Instead, create someone who depends on them. It’s said that if you want a person to be responsible, give them responsibilities, and this holds true in roleplaying games. If the carefree PC has someone to be responsible for, they’ll be more conscious of the world around them.
PCs tend to be exceptional individuals, so it’s easy to explain why people would want to follow them. Did the character make a really high sword roll in the last boss fight? Great, now half a dozen students have traveled from across the kingdom to study at a master’s feet. Oh, and they don’t have any money to get back. Or any food. Only the most heartless player would send them away!
These followers should be more than a drain on resources. They can be useful, either helping the character with important tasks or taking care of whatever the character can’t attend to personally. With this new aid and responsibility, the player will have more incentive to care about what’s going on around them. They might have ignored the terrible famine before, but now their students are having trouble finding food, and that will not stand.
You can scale this method up for any campaign. If you’re telling an epic story of government intrigue, the handful of students could be replaced by an entire spy agency. Either way, the key is to make the player feel like their decisions have weight.
5. Leverage an NPC They Like
Offering your player some followers didn’t work either?* They were deaf to the suffering of nameless NPCs, but that’s okay, because you have another trick up your sleeve. Instead of a group of NPCs, you’re going to focus on just one.
In nearly every roleplaying campaign, each player will have at least one NPC they really like. They can be a mentor, friend, ally, love interest, or even an enemy. For whatever reason, they’re someone the player has latched on to. Systems like Primetime Adventures have this built into character creation, but it works in a system like D&D as well. All you need is an NPC that the player’s taken a shine to.
Now you’re going to use that affection to get the player involved in the plot. You can always kidnap the NPC or otherwise put them in danger, but your player might come to resent the NPC if you employ such a cliché. Instead, reveal something startling about the NPC’s backstory that somehow links them to the main plot. They might be a secret agent charged with taking down the big bad or the only person who knows the secret of defeating the villain’s ultimate sword technique.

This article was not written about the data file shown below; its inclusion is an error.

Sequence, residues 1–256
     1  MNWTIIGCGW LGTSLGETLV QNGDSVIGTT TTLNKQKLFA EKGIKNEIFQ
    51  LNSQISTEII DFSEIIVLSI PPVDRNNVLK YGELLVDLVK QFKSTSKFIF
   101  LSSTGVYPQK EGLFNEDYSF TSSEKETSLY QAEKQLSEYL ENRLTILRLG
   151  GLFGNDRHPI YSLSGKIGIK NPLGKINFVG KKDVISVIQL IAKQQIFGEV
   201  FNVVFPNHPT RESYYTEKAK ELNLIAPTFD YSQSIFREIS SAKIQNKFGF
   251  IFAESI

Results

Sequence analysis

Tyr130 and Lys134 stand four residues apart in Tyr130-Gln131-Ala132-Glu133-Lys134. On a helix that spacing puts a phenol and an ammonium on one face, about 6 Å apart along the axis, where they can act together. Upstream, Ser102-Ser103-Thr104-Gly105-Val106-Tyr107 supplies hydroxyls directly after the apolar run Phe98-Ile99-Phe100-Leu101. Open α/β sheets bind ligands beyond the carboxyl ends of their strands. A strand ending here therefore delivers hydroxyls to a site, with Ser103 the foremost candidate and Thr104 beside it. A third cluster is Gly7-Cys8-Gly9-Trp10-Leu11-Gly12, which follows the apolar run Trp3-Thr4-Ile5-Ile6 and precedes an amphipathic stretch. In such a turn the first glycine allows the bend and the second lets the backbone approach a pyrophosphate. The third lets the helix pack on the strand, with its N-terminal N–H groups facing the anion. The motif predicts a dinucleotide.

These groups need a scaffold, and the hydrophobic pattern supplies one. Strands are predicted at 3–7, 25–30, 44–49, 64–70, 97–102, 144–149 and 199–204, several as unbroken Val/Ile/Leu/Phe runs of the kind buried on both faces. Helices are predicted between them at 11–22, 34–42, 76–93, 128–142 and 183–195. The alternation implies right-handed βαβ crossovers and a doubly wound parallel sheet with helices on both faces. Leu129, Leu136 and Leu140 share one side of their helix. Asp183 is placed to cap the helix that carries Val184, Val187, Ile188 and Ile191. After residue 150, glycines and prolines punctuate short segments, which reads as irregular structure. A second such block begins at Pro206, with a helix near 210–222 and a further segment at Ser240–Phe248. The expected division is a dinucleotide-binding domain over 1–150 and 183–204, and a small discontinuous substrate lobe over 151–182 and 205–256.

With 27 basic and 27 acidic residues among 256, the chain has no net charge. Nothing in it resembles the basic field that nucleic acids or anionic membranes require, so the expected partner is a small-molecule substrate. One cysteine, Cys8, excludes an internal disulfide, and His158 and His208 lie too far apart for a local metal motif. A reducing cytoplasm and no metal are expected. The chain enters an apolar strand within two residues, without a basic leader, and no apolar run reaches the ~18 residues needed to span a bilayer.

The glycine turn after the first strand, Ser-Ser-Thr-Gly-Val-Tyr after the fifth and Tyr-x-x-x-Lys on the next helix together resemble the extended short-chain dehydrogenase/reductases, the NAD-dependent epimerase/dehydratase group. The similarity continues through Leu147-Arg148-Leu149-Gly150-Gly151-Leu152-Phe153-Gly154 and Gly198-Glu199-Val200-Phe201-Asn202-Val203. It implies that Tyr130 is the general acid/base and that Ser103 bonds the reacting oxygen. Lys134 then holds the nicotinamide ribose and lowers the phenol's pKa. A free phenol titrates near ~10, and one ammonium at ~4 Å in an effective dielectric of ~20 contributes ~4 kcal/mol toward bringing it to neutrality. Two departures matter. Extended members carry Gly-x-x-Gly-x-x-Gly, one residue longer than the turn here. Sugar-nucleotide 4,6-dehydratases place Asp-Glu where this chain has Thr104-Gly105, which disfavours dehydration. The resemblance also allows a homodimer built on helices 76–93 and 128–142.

The NPC gives the reluctant player a handhold in the story. They might not have been terribly motivated to take down the magical conspiracy before, but now they know that their loyal assistant is a product of the conspiracy’s terrible experiments. The assistant needs to get into the conspiracy’s headquarters in order to live, so the player had better hop to.
It doesn’t matter if you never planned the NPC in question to have such an important backstory. Just go with it, and figure out the greater ramifications later. Getting your players involved in the story takes priority over any narrative neatness.
6. Make an Important NPC Run From Them
Wow, your players still aren’t involved in the plot? Then it’s time to bring out the big guns. The next time your players are wandering aimlessly, describe an NPC seeing them and then turning tail to run. The PCs will give chase; I guarantee it. Something in the players’ psyche compels them to, like cats chasing a laser pointer.
The NPC can be someone familiar or not, just make sure they’re important to the plot. Once the players start the chase, they’ve taken the first step on involving themselves in the plot. If they catch the NPC, then the party must decide what to do with their new prisoner. If the NPC gets away, where did they go? Keep the trail active until the PCs have stumbled their way into the real plot. Worst-case scenario, you can always have another NPC run from the players.
This might seem like a dirty trick, but it’s for a good cause. While some players easily involve themselves in the plot, others will always require a bit of coaxing. Making sure everyone is an active participant is probably the GM’s most important job. If players aren’t involved in the story, then they can’t collaborate, and if we can’t collaborate, then why are we playing roleplaying games in the first place?